Membership in a currency union is not irreversible. Exit expectations may emerge during sovereign debt crises, because exit allows countries to reduce their liabilities through a currency redenomination. As market participants anticipate this possibility, sovereign debt crises intensify. We establish this formally within a small open economy model of changing policy regimes. The model permits explosive dynamics of debt and sovereign yields inside currency unions and allows us to distinguish between exit expectations and those of an outright default. By estimating the model on Greek data, we quantify the contribution of exit expectations to the crisis dynamics during 2009 to 2012.
The Schumpeterian Growth Paradigm
Annual Review of Economics,
In this review, we argue that the Schumpeterian growth paradigm, which models growth as resulting from innovations involving creative destruction, sheds light on several aspects of the growth process that cannot be properly addressed by alternative theories. We focus on three important aspects for which Schumpeterian growth theory delivers predictions that distinguish it from other growth models, namely, (a) the role of competition and market structure, (b) firm dynamics, and (c) the relationship between growth and development.
What Do We Learn from Schumpeterian Growth Theory?
P. Aghion, S. N. Durlauf (eds.), Handbook of Economic Growth, Volume 2B, Amsterdam: North Holland,
Schumpeterian growth theory has operationalized Schumpeter’s notion of creative destruction by developing models based on this concept. These models shed light on several aspects of the growth process that could not be properly addressed by alternative theories. In this survey, we focus on four important aspects, namely: (i) the role of competition and market structure; (ii) firm dynamics; (iii) the relationship between growth and development with the notion of appropriate growth institutions; and (iv) the emergence and impact of long-term technological waves. In each case, Schumpeterian growth theory delivers predictions that distinguish it from other growth models and which can be tested using micro data.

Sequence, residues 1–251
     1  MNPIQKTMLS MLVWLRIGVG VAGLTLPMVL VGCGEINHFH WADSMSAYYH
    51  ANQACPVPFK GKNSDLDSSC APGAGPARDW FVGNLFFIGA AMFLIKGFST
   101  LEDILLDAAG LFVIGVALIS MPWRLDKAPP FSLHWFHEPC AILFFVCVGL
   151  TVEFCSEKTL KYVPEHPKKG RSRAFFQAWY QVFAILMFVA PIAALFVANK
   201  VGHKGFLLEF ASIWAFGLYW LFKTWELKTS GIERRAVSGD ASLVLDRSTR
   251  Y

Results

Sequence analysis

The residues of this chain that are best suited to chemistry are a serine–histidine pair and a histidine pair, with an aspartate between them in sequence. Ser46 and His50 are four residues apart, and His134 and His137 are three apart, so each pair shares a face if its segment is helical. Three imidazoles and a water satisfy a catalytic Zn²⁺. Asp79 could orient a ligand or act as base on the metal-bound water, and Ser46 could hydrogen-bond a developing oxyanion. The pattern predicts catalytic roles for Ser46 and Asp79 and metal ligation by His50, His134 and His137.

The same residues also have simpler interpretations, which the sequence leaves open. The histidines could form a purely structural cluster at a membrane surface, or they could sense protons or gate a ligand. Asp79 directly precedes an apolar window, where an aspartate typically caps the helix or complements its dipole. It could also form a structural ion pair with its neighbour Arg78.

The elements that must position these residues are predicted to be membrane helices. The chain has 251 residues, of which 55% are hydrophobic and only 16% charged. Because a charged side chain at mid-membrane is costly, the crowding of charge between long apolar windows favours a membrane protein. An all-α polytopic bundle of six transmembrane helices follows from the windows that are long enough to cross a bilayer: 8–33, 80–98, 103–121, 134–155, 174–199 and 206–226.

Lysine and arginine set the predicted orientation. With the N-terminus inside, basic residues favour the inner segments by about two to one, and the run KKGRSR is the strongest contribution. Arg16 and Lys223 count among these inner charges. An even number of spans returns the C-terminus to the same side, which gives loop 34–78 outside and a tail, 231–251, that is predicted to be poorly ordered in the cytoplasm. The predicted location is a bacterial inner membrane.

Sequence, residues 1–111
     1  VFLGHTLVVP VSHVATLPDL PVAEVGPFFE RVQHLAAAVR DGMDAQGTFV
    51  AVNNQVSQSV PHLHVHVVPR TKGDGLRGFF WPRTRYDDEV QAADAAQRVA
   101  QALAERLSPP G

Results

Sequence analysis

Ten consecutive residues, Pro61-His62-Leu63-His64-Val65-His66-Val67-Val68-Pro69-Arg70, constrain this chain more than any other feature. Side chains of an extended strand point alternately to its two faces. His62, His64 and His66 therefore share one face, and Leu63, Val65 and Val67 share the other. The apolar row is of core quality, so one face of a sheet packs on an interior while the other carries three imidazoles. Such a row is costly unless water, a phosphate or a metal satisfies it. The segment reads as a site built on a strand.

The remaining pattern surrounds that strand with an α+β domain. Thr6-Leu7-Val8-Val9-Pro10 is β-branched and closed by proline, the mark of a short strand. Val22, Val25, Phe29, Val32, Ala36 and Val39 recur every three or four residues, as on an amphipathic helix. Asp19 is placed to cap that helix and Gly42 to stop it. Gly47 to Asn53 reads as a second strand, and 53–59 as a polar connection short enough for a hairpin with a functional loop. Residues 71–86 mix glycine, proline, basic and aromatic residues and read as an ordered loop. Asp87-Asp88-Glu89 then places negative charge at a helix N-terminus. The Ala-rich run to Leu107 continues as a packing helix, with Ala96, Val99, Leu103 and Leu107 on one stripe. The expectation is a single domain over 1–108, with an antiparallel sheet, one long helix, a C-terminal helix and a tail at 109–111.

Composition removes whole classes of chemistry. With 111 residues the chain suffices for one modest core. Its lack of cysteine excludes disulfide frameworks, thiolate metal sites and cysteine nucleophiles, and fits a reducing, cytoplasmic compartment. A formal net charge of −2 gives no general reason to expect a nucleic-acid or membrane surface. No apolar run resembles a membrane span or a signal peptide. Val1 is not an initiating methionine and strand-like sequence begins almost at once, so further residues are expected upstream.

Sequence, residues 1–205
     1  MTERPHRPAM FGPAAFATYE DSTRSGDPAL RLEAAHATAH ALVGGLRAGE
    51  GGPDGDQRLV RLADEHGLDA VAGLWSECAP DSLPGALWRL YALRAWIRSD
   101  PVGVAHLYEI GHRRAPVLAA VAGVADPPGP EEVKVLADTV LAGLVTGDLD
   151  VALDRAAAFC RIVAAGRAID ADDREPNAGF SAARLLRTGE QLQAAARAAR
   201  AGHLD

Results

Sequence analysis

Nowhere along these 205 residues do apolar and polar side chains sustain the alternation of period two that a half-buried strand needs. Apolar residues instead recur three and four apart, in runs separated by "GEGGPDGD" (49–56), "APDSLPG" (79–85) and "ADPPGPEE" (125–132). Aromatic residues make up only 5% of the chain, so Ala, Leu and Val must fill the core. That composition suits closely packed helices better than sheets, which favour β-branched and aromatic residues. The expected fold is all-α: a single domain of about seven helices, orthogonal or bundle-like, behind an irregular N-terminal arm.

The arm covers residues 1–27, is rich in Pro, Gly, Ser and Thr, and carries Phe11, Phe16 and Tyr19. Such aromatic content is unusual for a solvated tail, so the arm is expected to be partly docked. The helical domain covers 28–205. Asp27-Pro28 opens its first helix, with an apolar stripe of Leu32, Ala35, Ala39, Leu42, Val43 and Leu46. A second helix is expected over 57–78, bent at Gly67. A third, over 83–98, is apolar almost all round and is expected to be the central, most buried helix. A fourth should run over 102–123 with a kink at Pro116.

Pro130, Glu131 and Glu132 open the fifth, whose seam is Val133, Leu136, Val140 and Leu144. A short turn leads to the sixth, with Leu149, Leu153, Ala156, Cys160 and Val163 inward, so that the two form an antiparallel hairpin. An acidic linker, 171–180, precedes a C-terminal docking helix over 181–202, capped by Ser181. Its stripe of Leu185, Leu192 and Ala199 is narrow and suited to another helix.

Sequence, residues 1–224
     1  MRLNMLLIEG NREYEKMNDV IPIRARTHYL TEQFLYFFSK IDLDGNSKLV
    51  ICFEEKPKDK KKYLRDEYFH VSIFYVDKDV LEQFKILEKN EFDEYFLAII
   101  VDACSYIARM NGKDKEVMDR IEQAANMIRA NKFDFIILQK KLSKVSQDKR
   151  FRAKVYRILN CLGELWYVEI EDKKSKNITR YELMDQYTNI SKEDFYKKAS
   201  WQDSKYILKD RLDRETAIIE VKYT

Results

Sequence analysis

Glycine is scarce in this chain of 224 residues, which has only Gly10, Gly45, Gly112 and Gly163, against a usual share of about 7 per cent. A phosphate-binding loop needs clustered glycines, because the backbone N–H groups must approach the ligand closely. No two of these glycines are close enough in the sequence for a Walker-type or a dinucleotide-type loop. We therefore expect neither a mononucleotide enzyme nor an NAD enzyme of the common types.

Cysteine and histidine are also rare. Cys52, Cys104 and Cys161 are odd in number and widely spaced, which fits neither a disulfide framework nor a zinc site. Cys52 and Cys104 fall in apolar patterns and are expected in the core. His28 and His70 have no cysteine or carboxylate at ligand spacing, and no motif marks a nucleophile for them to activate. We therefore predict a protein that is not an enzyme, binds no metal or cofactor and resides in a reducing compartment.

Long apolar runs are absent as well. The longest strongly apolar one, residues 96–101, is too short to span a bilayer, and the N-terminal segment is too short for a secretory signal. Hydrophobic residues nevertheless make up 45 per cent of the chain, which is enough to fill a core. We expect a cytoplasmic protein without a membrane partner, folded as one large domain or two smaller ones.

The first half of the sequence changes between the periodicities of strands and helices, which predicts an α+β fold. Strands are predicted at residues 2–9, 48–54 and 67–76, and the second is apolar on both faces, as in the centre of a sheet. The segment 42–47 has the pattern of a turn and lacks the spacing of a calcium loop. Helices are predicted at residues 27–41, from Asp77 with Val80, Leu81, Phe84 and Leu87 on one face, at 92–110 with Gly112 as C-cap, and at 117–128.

Slippery Slopes of Stress: Ordered Failure Events in German Banking
Journal of Financial Stability,
Outright bank failures without prior indication of financial instability are very rare. In fact, banks can be regarded as troubled to varying degrees before outright closure. But failure studies usually neglect the ordinal nature of bank distress. We distinguish four different kinds of increasingly severe events on the basis of the distress database of the Deutsche Bundesbank. Only the worst distress event entails a bank to exit the market. Since the four categories of hazard functions are not proportional, we specify a generalized ordered logit model to estimate respective probabilities of distress simultaneously. We find that the likelihood of ordered distress events changes differently in response to given changes in the financial profiles of banks. Consequently, bank failure studies should account more explicitly for the different shades of distress. This allows an assessment of the relative importance of financial profile components for different degrees of bank distress.